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Communicative activities in response to the presumed influence of campaign commercials

Henn, P., Dohle, M., & Bernhard, U.
ECREA, 5th European Communication Conference
Lissabon: 2014, November

People tend to presume that media have a strong influence on other people. According to the influence of presumed media influence approach, this perception can have consequences on people’s attitudes and behavior (Gunther & Storey, 2003). One proven consequence of perceived media influences are so-called corrective actions (Rojas, 2010). This means that people who believe the media to have a strong political influence on their fellow citizens start or increase communicative action in order to counter the presumed media effects, especially when media content is viewed as negative.This has been tested here using two specific media stimuli. It is hypothesized:
H1: The stronger the political influence of media content on others is perceived to be, the more likely people are to react by actively communicating themselves.
H2: The more negative the political influence of media content on others is thought to be, the more likely people are to react by actively communicating themselves.
In order to test these hypotheses a standardized online survey was conducted in Germany (n = 214). Participants were to watch two videos: 1. a campaign commercial by the Sozialdemokratische Partei Deutschlands (SPD, German Social Democratic Party), Germany’s second largest political party, usually perceived as moderately left-wing; 2. a campaign commercial by the Nationaldemokratische Partei Deutschlands (NPD, German National Democratic Party), an extremely right-wing party that is not part of the German parliament. The participants were told that the videos for the election were available on YouTube. They were asked to indicate how strong and how positive/negative they believed those videos’ influence on recipients to be (independent variables), and whether they would post their own views in a comment on this YouTube video (dependent variable). Control variables were also measured.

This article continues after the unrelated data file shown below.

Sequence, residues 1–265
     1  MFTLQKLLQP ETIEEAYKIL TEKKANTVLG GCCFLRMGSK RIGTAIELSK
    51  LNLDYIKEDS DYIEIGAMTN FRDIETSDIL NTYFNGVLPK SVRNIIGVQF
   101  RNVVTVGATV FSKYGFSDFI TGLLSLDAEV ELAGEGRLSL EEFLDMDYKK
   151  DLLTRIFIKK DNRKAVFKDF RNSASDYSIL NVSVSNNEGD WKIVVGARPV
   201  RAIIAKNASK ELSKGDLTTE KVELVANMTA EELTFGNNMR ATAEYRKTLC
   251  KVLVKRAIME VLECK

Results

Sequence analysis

The results confirm H1: A connection between the perceived strength of the media influence and intended communicative activities in reaction to this was found in the cases of both videos: the stronger the perceived media effect, the more likely people were to react.
H2, on the other hand, could not be proven: The evaluation of the perceived influence on others did not have any influence on the intended communication activities in reaction to this.
However, in the case of the SPD video, an interaction effect was revealed (strength of influence * evaluation of influence): The stronger and the more positive the commercial’s influence was perceived to be, the more likely the respondents were to comment on the video.
The findings are inconsistent with the corrective actions hypothesis, since influences that are not thought to be negative should not require any corrections. Rather, it is possible that people who perceive media to have a strong influence on the public use the comments sections in online media like YouTube to communicate their own political views because they want to reinforce the message of the initial offering and hope to convince others that way. This is probably particularly pronounced in online media because there is a very low threshold for communication activities.

Zitation (APA)

Henn, P., Dohle, M., & Bernhard, U. (2014, November). Communicative activities in response to the presumed influence of campaign commercials. ECREA, 5th European Communication Conference, Lissabon